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A scholar, writer, and educator in digital media history and ecology, techno-cultural studies, and Asian and global history of cities.  


I am currently a Postdoctoral Research Associate at the School of Information at the University of Illinois at Urbana Champaign, and a Postdoctoral Research Affiliate at the School of Literature, Media, and Communication at the Georgia Institute of Technology. 

My research explores the history and politics of "smart" urban environments as they manifest in various communities across Asia and North America. While these digital developments are often presented as the "solution to the problems," my research investigates how and why those problems are considered "problematic" in the first place, how those problems are historically and socioculturally composed, what long terms concerns about security, economy, health, and well-being are integrated in the problems that are supposedly "new," and asks if/how those solutions adequately address the said problems. For instance, while "security" is often invoked as the central design principle of the smart cities, "insecurity" is constantly required in their operation, which is evident at various levels: including the media portrayal of the cities imagined as crime-ridden and dangerous place; the technologies developed to detect and visualize "anomalies"; the citizens who internalize the responsibilities to protect and defend themselves from risks. Blending these multiple contexts of technology, I argue that the smart city is not simply an idea or a prototype of the technology that sharply ruptures the present. Instead, it is an emergence out of multiple histories and problematizations that are contingently interweaved at a given time and space in multiple and diffused forms.    

I have been a Postdoctoral Fellow in the Program in Science, Technology, and Society (STS) at the Massachusetts Institute of Technology (MIT) and an Emerging Voices Fellow at the American Council of Learned Societies (ACLS). I earned my Ph.D. in Communication and Media from the Institute of Communications Research (ICR) at the University of Illinois at Urbana-Champaign (UIUC). I received a Ph.D. Scholarship from the Ilju Academy and Culture Foundation (South Korea), a Dissertation Completion Fellowship from UIUC, and an Honorable Mention from the International Association for Media and Communication Research (IAMCR)-Urban Communication Foundation (UCF)'s Annual Research Grant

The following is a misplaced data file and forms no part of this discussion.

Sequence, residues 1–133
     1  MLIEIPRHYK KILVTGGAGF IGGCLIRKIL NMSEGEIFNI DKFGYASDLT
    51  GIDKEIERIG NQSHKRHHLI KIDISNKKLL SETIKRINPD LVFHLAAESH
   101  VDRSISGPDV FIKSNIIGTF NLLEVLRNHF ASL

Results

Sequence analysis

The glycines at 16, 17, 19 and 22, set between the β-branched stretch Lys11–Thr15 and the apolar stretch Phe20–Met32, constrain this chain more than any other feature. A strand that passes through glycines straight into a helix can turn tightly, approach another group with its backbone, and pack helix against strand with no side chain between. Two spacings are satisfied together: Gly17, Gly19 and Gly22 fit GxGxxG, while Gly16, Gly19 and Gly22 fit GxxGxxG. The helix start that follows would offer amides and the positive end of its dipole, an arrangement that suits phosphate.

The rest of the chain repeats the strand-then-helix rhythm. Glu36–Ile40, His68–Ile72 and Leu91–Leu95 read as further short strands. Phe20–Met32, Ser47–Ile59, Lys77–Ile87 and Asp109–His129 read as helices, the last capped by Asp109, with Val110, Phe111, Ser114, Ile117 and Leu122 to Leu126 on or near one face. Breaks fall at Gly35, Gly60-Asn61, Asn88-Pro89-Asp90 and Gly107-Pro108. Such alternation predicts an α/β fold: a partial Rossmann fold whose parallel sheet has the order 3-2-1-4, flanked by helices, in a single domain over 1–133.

Prior to my doctoral work, I completed both my M.A. and B.A. in Communication from Seoul National University. I am a former visiting research fellow at the Graduate School of Interdisciplinary Information Studies at the University of Tokyo and a former research associate at the Research Unit in Public Cultures at the University of Melbourne.   

Selected Texts

See also Publications

Current Projects

See also Research

  • Community Data is a hybrid lab-based seminar/group project looking at community-driven models of addressing the problem of rising gun violence in the US. Through this project, I am thinking about and experimenting with ways to redress and nurture the academia's relationship with local community organizations. 

  • Remapping Smart Cities: A History of Technological Futures in Korea is a book project based on my fieldwork in Songdo, known as South Korea's first "smart" city. I trace the long history of Songdo from the vantage point of South Korean urban and media history in the twentieth century.        

  • Decolonizing AI Ethics, Governance, and Education looks at the limitations of a prevalent corporate-friendly approach to embedding ethics into the design and development of AI. With the Social and Ethical Responsibilities of Computing (SERC) Group  at the MIT Schwarzman College of Computing, I have developed pedagogic materials to teach historical and societal dimensions of computing. See the first iteration of SERC on MIT OpenCourseWare.  

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In October 2021, I was invited to the History of Science, Technology, and Medicine (HistSTM) Early Career Collective panel to speak about my experience doing postdoctoral work.  

This panel discussion was part of the HistSTM's Radical Professionalization Series initiative, which seeks to address the issue of equality in academia. Given that the “hidden curriculum” of academia disproportionately affects certain minoritized groups and reinforces systemic inequality in our field, I will continue to share my experiences and knowledge with other minority early career scholars and partake in forging networks of alliances.